Southern Africa’s best national parks

21/10/2017 09:24

Written by Bradt Travel Guides


Chobe, Hippos by PlusONE, Shutterstock©PlusONE, Shutterstock

Chobe National Park covers 11,700km2 in the north of Botswana and is the country’s premier national park, contiguous with the greater Okavango region to the west. It is justly famous for the huge elephant herds that congregate in the dry season along the Chobe waterfront, and this is the most popular part of the reserve – easily accessible from Victoria Falls or Livingstone, just across the nearby borders with Zimbabwe and Zambia respectively. Among the usual large herbivores are a few less common antelope, including red lechwe, Chobe bushbuck (a local, more boldly marked race) and puku – found nowhere else south of Zambia. Enormous herds of buffalo, sometimes thousands strong, draw lions on to the floodplains, while other predators include leopard, spotted hyena and wild dog. Baboons raid the campsites, while hippo, crocodiles and, with luck, Cape clawless otters, can be seen in the river.


Sehlabathebe National Park by Luke N Vargas, Wikimedia Commons© Luke N Vargas, Wikimedia Commons 

A good selection of upland wildlife, including the rare oribi, can be seen in the Sehlabathebe National Park , a small, rugged reserve of 6,500 hectares in the remote eastern Qacha’s Nek district.


Elephants in Mozambique by Ariadne Van Zandbergen© Ariadne Van Zandbergen

In the very south, the Maputaland region shares a coastal, dune-forest habitat with neighbouring KwaZulu Natal (see page 271). Here, a few elephant still survive in the Maputo Elephant Reserve, along with small antelope such as red duiker and suni, while the rich birdlife includes dune forest specials such as Neergaard’s sunbird (Cinnyris neergaardi). North of the capital Maputo, the ‘Lagoon Coast’ comprises a string of lakes trapped behind the dunes, where the shallow waters and marshy wetlands draw flamingos and many other waterbirds. Further north, the idyllic islands of the Bazaruto Archipelago are now protected within a national park, where three species of turtle breed, rare dugong graze the seagrass beds and crocodile hunt the island lakes. The coral reefs here offer some of the world’s richest diving and snorkelling, while, offshore, whale sharks, manta rays and migrating humpback whales cruise the warm waters of the Mozambique Channel.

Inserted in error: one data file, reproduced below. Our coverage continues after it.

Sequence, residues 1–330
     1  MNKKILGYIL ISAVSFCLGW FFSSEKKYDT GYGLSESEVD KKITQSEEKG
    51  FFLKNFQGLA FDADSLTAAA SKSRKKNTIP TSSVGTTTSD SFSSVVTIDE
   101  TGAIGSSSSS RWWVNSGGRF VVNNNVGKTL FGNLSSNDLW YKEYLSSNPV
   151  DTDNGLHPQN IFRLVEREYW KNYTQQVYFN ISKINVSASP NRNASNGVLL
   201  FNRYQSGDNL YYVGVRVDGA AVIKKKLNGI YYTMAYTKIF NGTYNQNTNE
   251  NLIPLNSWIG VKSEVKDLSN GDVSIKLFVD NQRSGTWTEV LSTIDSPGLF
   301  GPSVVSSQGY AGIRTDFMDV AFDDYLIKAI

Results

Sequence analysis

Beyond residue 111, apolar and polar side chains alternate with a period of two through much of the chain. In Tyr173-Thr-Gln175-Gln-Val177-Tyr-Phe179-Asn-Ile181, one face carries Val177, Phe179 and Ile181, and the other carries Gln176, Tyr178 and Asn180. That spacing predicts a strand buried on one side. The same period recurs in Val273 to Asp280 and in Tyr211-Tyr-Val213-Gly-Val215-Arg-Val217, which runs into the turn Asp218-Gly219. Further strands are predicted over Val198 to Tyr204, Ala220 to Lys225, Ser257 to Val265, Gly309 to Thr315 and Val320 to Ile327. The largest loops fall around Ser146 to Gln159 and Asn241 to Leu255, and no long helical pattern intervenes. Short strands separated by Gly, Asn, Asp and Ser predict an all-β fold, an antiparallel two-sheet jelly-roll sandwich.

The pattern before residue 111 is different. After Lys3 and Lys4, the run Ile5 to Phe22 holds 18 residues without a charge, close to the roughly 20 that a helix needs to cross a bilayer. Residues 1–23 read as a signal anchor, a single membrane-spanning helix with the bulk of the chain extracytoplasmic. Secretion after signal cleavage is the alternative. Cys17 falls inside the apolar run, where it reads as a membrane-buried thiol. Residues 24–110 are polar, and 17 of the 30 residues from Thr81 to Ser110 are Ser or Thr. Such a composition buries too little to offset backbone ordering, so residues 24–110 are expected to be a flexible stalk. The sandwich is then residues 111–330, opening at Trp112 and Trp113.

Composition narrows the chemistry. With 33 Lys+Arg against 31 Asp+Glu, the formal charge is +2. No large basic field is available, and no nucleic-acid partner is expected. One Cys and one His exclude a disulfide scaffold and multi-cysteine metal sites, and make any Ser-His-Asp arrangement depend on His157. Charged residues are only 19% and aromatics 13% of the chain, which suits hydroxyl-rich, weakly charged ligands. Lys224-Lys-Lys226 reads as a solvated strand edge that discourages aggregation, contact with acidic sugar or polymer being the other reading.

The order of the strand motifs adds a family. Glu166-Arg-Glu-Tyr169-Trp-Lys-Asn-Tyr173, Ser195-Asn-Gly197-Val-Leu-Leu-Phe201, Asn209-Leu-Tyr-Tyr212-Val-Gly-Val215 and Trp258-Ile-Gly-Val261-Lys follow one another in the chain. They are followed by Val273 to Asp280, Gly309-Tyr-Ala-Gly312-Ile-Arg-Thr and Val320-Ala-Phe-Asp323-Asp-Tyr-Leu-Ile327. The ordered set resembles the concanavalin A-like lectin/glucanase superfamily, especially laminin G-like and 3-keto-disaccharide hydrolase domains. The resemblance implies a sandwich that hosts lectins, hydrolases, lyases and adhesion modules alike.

Etosha National Park by Joachim Huber, Flickr© Joachim Huber, Flickr

Etosha National Park, the country’s bestknown nature reserve, dominates this region and centres upon the huge 6,000km2 Etosha Pan – a blinding white expanse of dry clay. As the dry season wears on, animals gather at the waterholes and springs that fringe the pan. Peak-season game-viewing can be spectacular, and continues into the night at floodlit waterholes beside the camps. Most of southern Africa’s large mammals occur here. Burchell’s zebra, springbok, blue wildebeest, giraffe, kudu and elephant are particularly plentiful, along with eland, red hartebeest, roan, mountain zebra (to the west) and abundant predators such as lion, leopard, cheetah and spotted and brown hyena. Etosha specials include Damara dik-dik and black-faced impala, and it is probably the easiest place in Africa to observe black rhino at close quarters. 

South Africa

Hluhluwe-Imfolozi Game Reserve by Derek Keats© Derek Keats

Northeast of the Drakensberg lies the hot, rugged bushveld of Zululand, where the Hluhluwe-Imfolozi Game Reserve, proclaimed in 1897, is one of Africa’s oldest. This is the rhino heart of Africa: the final retreat of the white rhino after near extermination in the 1930s and now an equally important refuge for the even more threatened black rhino. It also has a broad selection of other large mammals, including the rest of the ‘big five’ and most major herbivores.


Elephants, Mana Pools by Shutterstock, outdoorsman© Shutterstock, outdoorsman

Downstream from Kariba lies some of the wildest and most beautiful country in southern Africa, and Mana Pools National Park is the jewel in the crown of the Lower Zambezi Valley. Between towering escarpment walls – on both the Zimbabwean and Zambian sides – lies a broad floodplain of riverine forest and trapped meander loops, where game masses during the dry season beneath the statuesque ana trees (Faidherbia albida). Over 12,000 elephant and 16,000 buffalo invade this area, along with zebra, kudu, eland, sable, bushbuck and the rare nyala.

 For more information of wildlife and safaris in southern Africa, take a look at our guide:

 Southern African Wildlife, Bradt Travel Guides

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